I learn a great deal by merely observing you, and letting you talk as long as you please, and taking note of what you do not say. ~T. S. Eliot
Do you think you are only one person? Do you often say, “What can I do?” “How can I make a difference?” All it takes is one person, with a courageous heart. One person who sees injustice, evil, or a person who needs healing and acts. It takes persistence and an indomitable spirit. Are you that person? Irena Sendler was that person. Watch the 2 minute YouTube video and you’ll discover what one ordinary person did that was by any measure extraordinary. I know she inspired me. I hope she will touch your heart.
It’s not who others think you are. It’s not what others think you should be. It’s not what others think of you. it’s what you think about your self. See the best in yourself. See a human being worthy of giving love and being loved. The following YouTube video will make you think about these questions.
“We are one, after all, you and I, together we suffer, together exist and forever will recreate each other.” – Pierre Teilhard de Chardin
The message in the power-filled quotation by de Chardin is one of community. We are one. We build community by knowing each other in a personal way; by hearing each other’s story; by respecting our difference; by listening to one another. The five minute YouTube video will inspire you to focus on what is important.
As hard as I try, I find it difficult to pay attention. In church, if the sermon is longer than six minutes, my mind wanders. Sometimes, it wanders as low as two or three minutes. I call it a right brain, creative problem. A colleague once told me I was ADHD. A leadership consultant used the Myers-Briggs Personality Profile to define my lack of attention. Babe knew this and would often say, “tell me what I said,” I’d give her a sheepish grin and say, “Try it again from the top.”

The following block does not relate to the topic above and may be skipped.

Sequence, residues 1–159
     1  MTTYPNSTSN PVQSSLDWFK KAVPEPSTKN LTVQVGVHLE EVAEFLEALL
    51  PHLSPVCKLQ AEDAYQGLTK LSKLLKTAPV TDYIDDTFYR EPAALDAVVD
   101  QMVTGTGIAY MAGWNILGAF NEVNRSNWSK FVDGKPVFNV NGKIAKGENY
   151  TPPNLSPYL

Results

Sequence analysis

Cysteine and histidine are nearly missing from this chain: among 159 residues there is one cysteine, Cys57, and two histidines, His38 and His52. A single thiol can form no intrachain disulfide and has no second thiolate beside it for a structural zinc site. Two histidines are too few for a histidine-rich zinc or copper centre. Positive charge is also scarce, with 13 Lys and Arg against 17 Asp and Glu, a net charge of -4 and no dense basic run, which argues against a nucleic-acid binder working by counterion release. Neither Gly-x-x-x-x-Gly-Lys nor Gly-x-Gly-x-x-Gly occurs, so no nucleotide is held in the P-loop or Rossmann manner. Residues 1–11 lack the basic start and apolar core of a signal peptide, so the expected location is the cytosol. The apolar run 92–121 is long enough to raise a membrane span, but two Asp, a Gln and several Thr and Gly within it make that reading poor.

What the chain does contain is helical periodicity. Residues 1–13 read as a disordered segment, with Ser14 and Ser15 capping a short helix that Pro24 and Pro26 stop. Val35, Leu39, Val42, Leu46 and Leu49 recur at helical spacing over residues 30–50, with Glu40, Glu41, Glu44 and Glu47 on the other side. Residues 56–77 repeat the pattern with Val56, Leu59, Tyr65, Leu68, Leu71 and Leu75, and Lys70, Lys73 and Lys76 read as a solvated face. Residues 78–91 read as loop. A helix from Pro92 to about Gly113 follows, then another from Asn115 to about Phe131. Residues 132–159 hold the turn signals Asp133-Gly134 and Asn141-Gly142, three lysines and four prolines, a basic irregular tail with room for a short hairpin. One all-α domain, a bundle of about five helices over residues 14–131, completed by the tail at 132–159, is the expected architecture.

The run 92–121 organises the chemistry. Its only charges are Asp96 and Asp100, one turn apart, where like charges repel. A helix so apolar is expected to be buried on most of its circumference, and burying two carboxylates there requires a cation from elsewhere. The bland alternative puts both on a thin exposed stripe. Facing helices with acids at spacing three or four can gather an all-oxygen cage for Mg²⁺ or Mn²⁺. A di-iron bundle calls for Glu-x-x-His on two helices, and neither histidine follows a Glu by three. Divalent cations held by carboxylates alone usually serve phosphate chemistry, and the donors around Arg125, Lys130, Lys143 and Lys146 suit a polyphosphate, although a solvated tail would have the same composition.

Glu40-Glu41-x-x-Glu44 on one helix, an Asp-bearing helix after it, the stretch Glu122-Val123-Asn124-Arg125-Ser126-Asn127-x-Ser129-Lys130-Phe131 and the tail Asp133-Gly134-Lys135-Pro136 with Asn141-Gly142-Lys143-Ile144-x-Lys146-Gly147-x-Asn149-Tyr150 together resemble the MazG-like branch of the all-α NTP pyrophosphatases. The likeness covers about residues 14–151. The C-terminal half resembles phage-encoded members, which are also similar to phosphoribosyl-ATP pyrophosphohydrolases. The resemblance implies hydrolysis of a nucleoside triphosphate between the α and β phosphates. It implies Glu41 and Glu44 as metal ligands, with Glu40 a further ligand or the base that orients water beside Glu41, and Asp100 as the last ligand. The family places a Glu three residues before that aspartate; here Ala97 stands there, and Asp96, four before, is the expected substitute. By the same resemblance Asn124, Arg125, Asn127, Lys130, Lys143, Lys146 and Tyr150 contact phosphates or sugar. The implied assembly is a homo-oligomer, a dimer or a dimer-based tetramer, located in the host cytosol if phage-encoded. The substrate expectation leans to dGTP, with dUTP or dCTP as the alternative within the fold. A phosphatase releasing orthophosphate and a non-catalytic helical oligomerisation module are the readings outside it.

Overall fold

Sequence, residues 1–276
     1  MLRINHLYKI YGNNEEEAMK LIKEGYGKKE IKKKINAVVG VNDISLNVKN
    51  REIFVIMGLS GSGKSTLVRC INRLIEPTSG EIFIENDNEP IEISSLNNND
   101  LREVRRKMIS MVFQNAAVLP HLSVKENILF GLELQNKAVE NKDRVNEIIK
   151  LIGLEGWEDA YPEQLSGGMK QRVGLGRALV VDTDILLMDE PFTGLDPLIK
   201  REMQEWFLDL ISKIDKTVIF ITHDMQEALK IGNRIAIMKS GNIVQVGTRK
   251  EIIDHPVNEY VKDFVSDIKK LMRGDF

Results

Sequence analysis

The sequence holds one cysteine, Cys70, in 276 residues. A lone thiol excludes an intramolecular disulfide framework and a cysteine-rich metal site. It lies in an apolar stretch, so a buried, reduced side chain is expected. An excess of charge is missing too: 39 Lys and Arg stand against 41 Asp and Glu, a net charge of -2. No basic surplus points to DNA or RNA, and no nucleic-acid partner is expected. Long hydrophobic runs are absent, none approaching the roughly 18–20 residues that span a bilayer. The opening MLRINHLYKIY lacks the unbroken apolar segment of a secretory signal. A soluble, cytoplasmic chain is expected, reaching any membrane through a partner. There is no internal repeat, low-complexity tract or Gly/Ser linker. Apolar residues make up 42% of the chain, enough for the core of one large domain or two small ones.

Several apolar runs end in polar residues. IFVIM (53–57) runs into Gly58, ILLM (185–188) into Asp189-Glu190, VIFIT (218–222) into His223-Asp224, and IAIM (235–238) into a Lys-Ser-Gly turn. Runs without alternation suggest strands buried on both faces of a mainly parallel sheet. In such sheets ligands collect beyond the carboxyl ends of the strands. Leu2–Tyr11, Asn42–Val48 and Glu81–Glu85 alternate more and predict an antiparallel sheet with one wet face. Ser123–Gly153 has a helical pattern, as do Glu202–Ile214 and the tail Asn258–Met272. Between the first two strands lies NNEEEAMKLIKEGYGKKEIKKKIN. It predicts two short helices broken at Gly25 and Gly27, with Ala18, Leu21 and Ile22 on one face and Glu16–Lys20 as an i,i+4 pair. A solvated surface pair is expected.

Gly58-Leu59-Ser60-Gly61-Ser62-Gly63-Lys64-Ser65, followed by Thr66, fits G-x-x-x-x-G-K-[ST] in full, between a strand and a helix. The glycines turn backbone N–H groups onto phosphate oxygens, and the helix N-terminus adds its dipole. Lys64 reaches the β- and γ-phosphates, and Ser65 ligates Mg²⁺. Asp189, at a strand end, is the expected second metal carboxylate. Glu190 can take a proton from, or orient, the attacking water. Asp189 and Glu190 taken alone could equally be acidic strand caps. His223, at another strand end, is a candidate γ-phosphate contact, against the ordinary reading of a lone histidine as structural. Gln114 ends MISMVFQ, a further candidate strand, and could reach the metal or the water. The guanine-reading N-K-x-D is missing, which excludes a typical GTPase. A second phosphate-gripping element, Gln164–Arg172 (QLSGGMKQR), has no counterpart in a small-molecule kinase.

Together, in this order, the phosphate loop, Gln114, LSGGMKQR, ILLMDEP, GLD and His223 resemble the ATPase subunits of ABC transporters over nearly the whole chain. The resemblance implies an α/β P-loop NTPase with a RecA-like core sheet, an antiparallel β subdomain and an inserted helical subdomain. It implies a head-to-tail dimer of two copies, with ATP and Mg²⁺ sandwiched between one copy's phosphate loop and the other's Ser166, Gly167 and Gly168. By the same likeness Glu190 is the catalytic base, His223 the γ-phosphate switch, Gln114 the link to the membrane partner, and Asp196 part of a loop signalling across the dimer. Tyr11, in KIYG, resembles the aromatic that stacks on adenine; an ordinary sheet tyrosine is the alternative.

Not paying attention got me in trouble in school more often than a change in the weather. It wasn’t that I wasn’t interested if you can follow the logic. It was more that I was interested in something else, something like baseball, football, and as puberty hit, girls.
“When do I get in this story?”
“Where did you come from? I didn’t have plans to include you in today’s blog.”
“You drift any further, Ray. You’ll be out to sea without a lifejacket.”
“I can swim.”
“It’s a metaphor, Ray.”
“What was I talking about before you butted in?”
“I don’t have to tell you. All you have to do is go back a few lines and read it.”
“Are you having a sugar low? Did you have your morning coffee? Did you not get as many lines in my blog as you like?”
“All the above and more.”
“I’ve lost my train of thought. I was on a roll before you showed up.”
“You wrote you were going to give me a bigger role in your blog.”
“Not in your dreams. Question, what is your purpose in my blog? I can’t figure out why I created you. I can’t figure out why I let you come by every day.”
“I’m like the tune you can’t forget. Let me hum it for you, Bbbbbb, Pppppp, or Cccccc. Ray loves all three. Catchy, isn’t it?”
“What did you say? I was thinking of Vegas.”
“When are we going?”
“I only bought a plane ticket for one.”
Each of us sees the world a bit differently. Each of us processes information differently. Each of us has a piece of the truth, but not the whole truth. It’s why we need each other. Our differences complement how we think and process. Respecting differences, listening to and learning from each other make our world a better place.